Appropriate auxiliary aids and services may include services and devices such as qualified interpreters, assistive listening devices, note takers, and written materials for individuals with hearing impairments; and qualified readers, taped texts, and Brailled or large print materials for individuals with vision impairments.
Yes. The ADA does not require the provision of any auxiliary aid that would result in an undue burden or in a fundamental alteration in the nature of the goods or services provided by a public accommodation. However, the public accommodation is not relieved from the duty to furnish an alternative auxiliary aid, if available, that would not result in a fundamental alteration or undue burden. Both of these limitations are derived from existing regulations and case law under section 504 of the Rehabilitation Act and are to be determined on a case-by-case basis.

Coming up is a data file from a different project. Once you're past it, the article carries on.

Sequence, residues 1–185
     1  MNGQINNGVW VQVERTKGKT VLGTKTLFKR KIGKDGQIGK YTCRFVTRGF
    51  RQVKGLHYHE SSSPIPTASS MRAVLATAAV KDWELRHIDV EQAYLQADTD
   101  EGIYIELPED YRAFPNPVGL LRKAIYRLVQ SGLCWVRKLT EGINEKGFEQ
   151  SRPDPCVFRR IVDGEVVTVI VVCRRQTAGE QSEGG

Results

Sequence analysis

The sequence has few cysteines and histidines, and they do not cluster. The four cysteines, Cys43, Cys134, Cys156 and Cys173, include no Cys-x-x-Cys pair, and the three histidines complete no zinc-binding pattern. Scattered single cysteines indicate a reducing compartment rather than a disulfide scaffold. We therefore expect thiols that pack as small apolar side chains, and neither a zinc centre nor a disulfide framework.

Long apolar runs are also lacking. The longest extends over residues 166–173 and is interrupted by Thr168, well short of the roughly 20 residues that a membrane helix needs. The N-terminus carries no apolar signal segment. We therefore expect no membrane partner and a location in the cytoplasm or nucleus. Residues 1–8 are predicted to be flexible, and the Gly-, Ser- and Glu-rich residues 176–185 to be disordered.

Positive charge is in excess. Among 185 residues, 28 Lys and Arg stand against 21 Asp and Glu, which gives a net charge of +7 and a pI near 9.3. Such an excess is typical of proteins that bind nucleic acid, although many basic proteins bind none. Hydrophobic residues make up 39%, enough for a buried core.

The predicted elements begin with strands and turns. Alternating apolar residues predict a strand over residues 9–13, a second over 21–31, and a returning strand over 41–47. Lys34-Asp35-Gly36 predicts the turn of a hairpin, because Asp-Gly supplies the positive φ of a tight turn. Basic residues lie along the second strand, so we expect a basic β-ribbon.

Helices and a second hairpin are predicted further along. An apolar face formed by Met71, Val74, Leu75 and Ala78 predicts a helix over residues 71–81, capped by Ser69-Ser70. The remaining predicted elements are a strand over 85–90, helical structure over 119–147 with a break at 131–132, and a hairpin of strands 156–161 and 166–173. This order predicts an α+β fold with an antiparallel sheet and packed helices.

No, not if waiters or other employees are made available to read the menu to a blind customer.
Title IV: Telecommunications
No. This would be putting restrictions on this individual based on his disability and his need to communicate with your business using relay services. If other individuals have no restrictions on the number of calls that can be made to your technical support clerks then no restrictions should be placed on this individual who uses relay services.
Title V: Miscellaneous Provisions
No. Title V of the ADA encourages alternative dispute resolutions. Some Federal agencies have mediation programs designed to settle complaints without the agency having to conduct an investigation or a lawsuit being filed. The U.S. Department of Justice and the Equal Employment Opportunity Commission have such mediation programs.

Last Updated on:
Fri Jul 7, 2017